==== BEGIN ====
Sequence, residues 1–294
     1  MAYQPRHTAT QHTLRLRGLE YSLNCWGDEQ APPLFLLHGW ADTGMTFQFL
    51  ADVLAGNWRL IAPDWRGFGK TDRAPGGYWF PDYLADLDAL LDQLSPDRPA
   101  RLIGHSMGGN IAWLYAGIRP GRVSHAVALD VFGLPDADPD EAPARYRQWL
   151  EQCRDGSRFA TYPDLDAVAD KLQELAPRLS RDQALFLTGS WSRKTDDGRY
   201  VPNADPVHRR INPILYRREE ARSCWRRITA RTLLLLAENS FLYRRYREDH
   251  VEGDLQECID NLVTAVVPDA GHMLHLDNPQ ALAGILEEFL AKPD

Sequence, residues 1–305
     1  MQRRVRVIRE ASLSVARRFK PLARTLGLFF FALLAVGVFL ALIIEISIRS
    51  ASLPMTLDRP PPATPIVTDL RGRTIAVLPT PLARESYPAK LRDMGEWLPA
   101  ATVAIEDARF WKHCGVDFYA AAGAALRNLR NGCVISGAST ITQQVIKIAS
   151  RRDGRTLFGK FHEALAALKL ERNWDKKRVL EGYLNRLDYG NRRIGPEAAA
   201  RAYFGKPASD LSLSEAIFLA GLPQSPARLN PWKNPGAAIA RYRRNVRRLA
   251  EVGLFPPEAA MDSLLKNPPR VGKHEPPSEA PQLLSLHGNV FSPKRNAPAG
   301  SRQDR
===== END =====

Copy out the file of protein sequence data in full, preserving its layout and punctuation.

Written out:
Sequence, residues 1–294
     1  MAYQPRHTAT QHTLRLRGLE YSLNCWGDEQ APPLFLLHGW ADTGMTFQFL
    51  ADVLAGNWRL IAPDWRGFGK TDRAPGGYWF PDYLADLDAL LDQLSPDRPA
   101  RLIGHSMGGN IAWLYAGIRP GRVSHAVALD VFGLPDADPD EAPARYRQWL
   151  EQCRDGSRFA TYPDLDAVAD KLQELAPRLS RDQALFLTGS WSRKTDDGRY
   201  VPNADPVHRR INPILYRREE ARSCWRRITA RTLLLLAENS FLYRRYREDH
   251  VEGDLQECID NLVTAVVPDA GHMLHLDNPQ ALAGILEEFL AKPD

Sequence, residues 1–305
     1  MQRRVRVIRE ASLSVARRFK PLARTLGLFF FALLAVGVFL ALIIEISIRS
    51  ASLPMTLDRP PPATPIVTDL RGRTIAVLPT PLARESYPAK LRDMGEWLPA
   101  ATVAIEDARF WKHCGVDFYA AAGAALRNLR NGCVISGAST ITQQVIKIAS
   151  RRDGRTLFGK FHEALAALKL ERNWDKKRVL EGYLNRLDYG NRRIGPEAAA
   201  RAYFGKPASD LSLSEAIFLA GLPQSPARLN PWKNPGAAIA RYRRNVRRLA
   251  EVGLFPPEAA MDSLLKNPPR VGKHEPPSEA PQLLSLHGNV FSPKRNAPAG
   301  SRQDR